Before suffering a season-ending hip injury against Mississippi State, Tua Tagovailoa was steaming toward a football wasteland. The one-time Heisman frontrunner had played well enough to emerge as a likely top-five pick — and that meant a spot in a total teardown in the NFL.
Tagovailoa’s wizardry at Alabama had cemented his spot as one of the top two quarterbacks eligible for the 2020 NFL Draft, alongside LSU star Joe Burrow. There’s a chance he’ll still be the second quarterback taken off the board, but the near-certainty he’d be selected as part of grand-scale rebuilds in Cincinnati or Miami has waned as clubs wait to hear reports of his rehabilitation:
Which NFL team drafts Tua Tagovailoa in 2020?— SportsLine (@SportsLine) November 19, 2019
Via @SportsLine Oddsmakers
Tagovailoa underwent successful surgery to repair his dislocated and fractured hip earlier this week. Though concerns will linger about his ability to remain the explosive athlete who occasionally seemed superhuman under Nick Saban, his early prognosis suggests a full recovery. If he’s looking at an approximate four-month span before resuming football activities and at least six before practicing, that time off and questions about ever finding his top gear again will undoubtedly affect his draft stock.
That will have a negative impact on his rookie contract and the money he’ll make as a pro. It could also be a net benefit for his NFL career.
A slide to the middle of the draft would push Tagovailoa to a softer landing spot
There’s still a chance the big-armed Hawaiian winds up with the Dolphins or Bengals. While he’d instantly become the centerpiece of either franchise, he’d also be playing alongside supporting casts that would need more than a season’s worth of draft picks and free agent signings to even approach league average.
Whichever rookie QB ends up in Ohio or Florida will end up playing in an offense with little to offer a budding quarterback. To wit:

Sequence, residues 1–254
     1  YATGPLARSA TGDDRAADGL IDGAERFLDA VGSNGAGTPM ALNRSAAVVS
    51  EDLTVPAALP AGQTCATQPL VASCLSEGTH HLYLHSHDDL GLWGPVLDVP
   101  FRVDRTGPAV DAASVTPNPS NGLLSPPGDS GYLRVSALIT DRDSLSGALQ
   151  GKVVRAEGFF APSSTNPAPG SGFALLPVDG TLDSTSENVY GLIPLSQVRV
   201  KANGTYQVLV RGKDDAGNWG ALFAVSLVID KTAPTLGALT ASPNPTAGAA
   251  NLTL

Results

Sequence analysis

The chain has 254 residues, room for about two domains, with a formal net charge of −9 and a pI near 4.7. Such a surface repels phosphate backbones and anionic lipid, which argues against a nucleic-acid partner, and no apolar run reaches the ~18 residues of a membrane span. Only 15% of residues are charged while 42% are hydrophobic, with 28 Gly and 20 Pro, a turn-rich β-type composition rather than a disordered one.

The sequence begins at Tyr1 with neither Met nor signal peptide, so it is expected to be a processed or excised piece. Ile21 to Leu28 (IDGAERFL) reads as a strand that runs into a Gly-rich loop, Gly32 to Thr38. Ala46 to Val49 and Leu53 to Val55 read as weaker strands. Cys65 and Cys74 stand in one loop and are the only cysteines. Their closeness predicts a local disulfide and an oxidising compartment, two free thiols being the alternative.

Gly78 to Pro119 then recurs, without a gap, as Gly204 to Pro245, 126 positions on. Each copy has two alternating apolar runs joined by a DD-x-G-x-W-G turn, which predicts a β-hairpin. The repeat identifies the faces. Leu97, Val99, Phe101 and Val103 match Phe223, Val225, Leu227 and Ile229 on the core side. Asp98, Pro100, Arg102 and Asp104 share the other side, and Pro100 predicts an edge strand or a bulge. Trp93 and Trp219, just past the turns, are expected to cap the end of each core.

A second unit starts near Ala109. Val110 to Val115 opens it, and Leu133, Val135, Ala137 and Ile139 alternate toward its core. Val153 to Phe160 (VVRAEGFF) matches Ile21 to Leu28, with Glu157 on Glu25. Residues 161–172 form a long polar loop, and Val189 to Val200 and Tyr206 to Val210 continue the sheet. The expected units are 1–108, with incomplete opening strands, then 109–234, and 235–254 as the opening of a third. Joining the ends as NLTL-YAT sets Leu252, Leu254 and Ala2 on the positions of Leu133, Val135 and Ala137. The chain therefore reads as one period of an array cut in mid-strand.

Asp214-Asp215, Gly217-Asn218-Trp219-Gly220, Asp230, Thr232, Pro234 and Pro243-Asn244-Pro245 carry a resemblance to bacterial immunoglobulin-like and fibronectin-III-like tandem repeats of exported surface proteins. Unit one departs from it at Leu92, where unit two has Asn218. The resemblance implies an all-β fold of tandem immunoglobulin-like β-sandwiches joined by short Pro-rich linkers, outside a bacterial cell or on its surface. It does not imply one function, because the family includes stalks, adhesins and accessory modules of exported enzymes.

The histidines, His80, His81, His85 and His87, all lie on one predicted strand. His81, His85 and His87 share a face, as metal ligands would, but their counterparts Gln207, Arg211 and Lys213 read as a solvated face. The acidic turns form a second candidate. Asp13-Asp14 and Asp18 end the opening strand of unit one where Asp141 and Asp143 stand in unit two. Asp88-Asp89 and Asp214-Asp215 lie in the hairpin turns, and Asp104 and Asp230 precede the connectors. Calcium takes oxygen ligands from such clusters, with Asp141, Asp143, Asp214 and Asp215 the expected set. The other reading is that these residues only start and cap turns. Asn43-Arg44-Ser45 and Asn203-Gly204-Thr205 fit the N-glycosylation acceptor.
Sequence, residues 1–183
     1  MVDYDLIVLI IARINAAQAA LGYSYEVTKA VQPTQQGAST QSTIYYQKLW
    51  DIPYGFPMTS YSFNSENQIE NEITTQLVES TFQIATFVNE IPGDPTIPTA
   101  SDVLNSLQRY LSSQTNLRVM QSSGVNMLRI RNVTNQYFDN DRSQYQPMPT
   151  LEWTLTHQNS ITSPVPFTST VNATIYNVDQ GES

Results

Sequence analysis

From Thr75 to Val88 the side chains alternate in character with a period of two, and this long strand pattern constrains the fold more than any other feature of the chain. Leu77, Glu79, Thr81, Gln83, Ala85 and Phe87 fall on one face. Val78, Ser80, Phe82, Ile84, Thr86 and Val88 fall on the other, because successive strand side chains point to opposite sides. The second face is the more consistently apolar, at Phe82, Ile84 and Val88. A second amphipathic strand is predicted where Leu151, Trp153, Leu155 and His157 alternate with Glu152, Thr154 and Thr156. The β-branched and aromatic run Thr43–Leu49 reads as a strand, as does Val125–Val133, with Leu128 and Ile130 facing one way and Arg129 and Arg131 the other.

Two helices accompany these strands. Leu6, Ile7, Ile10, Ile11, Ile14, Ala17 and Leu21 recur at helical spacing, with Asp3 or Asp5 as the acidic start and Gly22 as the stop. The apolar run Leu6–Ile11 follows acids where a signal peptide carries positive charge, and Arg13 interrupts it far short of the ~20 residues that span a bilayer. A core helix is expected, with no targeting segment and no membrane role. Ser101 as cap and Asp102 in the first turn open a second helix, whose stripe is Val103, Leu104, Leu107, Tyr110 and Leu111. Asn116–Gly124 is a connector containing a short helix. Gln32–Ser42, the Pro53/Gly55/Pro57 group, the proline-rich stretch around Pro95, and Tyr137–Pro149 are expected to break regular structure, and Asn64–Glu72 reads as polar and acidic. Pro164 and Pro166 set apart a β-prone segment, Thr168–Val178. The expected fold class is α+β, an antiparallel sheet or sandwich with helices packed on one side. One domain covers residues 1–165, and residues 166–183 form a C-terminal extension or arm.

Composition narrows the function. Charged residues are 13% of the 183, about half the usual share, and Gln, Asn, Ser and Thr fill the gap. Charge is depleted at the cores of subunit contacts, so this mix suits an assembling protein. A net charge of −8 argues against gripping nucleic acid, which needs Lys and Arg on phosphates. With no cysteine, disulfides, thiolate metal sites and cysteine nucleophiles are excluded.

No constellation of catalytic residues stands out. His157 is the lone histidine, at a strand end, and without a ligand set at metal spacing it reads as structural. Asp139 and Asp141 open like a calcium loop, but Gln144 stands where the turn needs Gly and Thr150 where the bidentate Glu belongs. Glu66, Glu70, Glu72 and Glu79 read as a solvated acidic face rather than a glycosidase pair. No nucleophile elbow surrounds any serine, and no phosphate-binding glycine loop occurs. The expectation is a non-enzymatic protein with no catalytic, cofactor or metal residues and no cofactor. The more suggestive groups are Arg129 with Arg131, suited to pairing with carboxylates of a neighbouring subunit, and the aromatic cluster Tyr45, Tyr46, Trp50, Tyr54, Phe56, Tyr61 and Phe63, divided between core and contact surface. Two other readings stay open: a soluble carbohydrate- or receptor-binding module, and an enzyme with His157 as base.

Why no QB should be eager to join the Bengals or Dolphins
|Blockers||Allowed sacks on 8.3% of dropbacks (24th in NFL)||Allowed sacks on 10.4% of dropbacks (30th)|
|Run game||Gaining 3.8 yards per carry (25th)||Gaining 3.0 yards per carry (32nd)|
|Receivers||Primed to lose A.J. Green to free agency in 2020||Traded away Jarvis Landry and Kenny Stills past two offseasons|
There’s a benefit should injury concerns slide him to the middle of the first round or later. This would connect him to a handful of teams with stronger rosters and a gaping need for a franchise QB. There’s a wide range of talented-but-flawed rosters floating above the Dolphins-Bengals-Washington tier of hopelessness but below the realm of true contenders.
Any of those franchises would provide a softer introduction to the league than a place where Tagovailoa would be the focal point opposing defenses swarm to in Cincinnati or Miami. Chicago, who would have to trade their way back into the first round thanks to 2018’s Khalil Mack trade, could buttress him with one of the league’s top defenses. Tampa Bay would give him elite receiving help. Denver can flank him with emerging skill players like Courtland Sutton, Phillip Lindsay, and Royce Freeman. Pittsburgh — who, like the Bears, would have to trade back into the first round — could make him the centerpiece of a new era of Steeler football.
Of course, the Dolphins also have three picks in the first round of next year’s draft. It’s entirely possible Tagovailoa isn’t their first choice — as previously noted, they’ve got needs basically everywhere — and he still winds up in South Beach when the team cashes in picks acquired from the Texans and Steelers later on Day 1.
Would a stronger supporting cast be worth the financial cost to Tagovailoa?
There would likely be an on-field benefit to a slide down draft boards, at least for Tagovailoa’s rookie campaign. There would definitely be a financial drawback that comes with it. Here’s what last year’s Day 1 picks will make in guaranteed money over the first four years of their NFL careers: